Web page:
Hi Woz! My first experience with computers was in 1982 when I was 12 years old. Shortly after that my Dad bought me an Apple // clone (sorry :) ... The Franklin Ace 1000. I kept that until the ][GS came out and drewled over it (and bought one). I still have it (Woz limited edition). Between 1983 and 1991, my life revolved around the Apple // (I've grown up now and have more important goals in life, such as my wife and children), but at the time, every waking moment was spent hacking my clone or my GS... discovering different softswitches, entry points into ROM, etc... When Apple started wayning in its support the the Apple //, it was extremely discouraging to me and my fellow Apple // "buddies". It seemed that they couldn't actively kill the // line for fear of loss of loyalty, but that they made every effort to let it die a slow death and that it continued to out-sell the Mac for years with absolutely no marketing for the // line. I've always wondered since then what was the reasoning for letting the Apple // die instead of continuiing that line with upgrades so that today, the current Mac would actually be the latest version of the Apple //? I had been hearing rumors at the time that Steve Jobs didn't like the "game" reputation the Apple // had and wanted a "business" competitor and that you were actually more of a // fan and you were the only reason the // line lasted as long as it did. What's the real story behind that? Why didn't Apple make the Mac Apple // compatible? Thanks,Michael Q. (previous graphics editor for GS+ magazine... If you remember that mag?)
The Apple ][ certainly was an excellent machine to get into the hardware and software and the basic levels of the computer. It made a lot of what a computer is understand to very many like yourself. But Apple's leadership had a very strong direction toward making the geeky parts as hidden as possible. That has it's benefits but it also takes away a very fun part of our lives, figuring out how to do our OWN things.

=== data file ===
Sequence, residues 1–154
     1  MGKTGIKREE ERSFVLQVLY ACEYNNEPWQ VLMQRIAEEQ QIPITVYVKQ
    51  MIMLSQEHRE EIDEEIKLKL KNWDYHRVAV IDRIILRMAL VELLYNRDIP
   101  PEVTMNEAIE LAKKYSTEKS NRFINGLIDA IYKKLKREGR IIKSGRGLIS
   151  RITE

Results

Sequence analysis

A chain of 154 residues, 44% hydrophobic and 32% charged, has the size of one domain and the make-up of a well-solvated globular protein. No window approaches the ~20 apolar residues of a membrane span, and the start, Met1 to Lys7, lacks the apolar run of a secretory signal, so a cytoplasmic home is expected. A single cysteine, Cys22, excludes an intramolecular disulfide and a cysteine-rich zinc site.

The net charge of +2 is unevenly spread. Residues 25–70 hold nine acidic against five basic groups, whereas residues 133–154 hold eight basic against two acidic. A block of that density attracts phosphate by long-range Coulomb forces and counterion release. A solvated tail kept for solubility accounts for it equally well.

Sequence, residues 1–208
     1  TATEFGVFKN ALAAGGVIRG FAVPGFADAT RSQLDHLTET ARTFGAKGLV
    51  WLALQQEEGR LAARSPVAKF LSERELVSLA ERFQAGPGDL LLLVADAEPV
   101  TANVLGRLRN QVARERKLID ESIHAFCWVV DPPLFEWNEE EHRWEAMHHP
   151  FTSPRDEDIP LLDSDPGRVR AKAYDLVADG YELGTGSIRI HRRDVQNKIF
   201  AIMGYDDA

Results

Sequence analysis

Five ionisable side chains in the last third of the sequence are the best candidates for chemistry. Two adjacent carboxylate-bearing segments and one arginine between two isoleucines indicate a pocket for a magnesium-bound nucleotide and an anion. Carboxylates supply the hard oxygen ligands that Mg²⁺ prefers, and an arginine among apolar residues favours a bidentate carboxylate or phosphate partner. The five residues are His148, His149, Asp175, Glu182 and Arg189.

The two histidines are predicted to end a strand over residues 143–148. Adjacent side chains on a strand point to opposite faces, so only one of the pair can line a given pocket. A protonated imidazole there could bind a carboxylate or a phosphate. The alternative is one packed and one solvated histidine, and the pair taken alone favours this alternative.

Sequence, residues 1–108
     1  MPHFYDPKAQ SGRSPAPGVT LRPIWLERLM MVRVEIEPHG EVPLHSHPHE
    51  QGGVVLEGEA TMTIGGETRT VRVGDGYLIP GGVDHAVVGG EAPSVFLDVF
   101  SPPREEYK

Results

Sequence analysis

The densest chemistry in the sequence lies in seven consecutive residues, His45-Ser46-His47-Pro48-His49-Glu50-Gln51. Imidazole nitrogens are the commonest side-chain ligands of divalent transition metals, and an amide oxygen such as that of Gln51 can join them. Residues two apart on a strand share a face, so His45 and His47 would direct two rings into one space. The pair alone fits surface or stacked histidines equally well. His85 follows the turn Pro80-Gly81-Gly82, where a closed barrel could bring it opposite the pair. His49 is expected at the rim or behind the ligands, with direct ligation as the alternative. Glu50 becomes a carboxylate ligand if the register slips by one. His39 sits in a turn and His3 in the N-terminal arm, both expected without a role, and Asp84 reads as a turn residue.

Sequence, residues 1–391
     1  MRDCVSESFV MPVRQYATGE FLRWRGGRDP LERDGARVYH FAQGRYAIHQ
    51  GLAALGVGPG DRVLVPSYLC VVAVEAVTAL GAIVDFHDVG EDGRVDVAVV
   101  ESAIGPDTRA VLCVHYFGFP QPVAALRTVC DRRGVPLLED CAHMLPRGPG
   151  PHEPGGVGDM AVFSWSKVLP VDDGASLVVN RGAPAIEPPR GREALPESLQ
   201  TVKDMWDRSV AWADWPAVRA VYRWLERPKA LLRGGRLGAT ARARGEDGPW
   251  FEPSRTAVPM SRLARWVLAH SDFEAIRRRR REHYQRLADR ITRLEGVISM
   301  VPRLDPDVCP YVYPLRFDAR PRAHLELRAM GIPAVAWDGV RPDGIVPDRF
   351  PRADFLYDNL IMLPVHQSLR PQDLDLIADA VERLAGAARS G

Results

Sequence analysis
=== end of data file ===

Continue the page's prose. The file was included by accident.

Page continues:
Apple never was very good at carrying on two lines at one time. Apple actually totally ditched the Apple ][ from 1980 to 1983. Every ad was for the Apple ///. But the Apple ][ was the best selling PC in the world in those years. It was also ignored when the Macintosh arrived because it was not the future and we can't have two high priorities at once. It's just too bad. Even though the Macintosh platform has a low market share, we keep supporting it enough to keep it working. But we didn't do the same for the Apple ][.
I don't have a strong personal 'side' on this issue. But I do receive continual email talking about how much the Apple ][ meant to people that could play with software and entry points and the like.
I read in your comments that you were giving away your early designs. This seems to fit with the current popularity of the "open source" movement, and I wonder if you feel that the recent opening of the OSX Darwin kernel is a step in the right direction for Apple. Many people develop free software for free operating systems. Do you? If so, does the new Apple initiative inspire you to code for OSX?
That's a very astute observation. I gave away schematics of the Apple I at the Homebrew Computer Club. I also demoed enhancements to the Apple ][ every 2 weeks at the club. It was the opposite of normal corporate secrecy.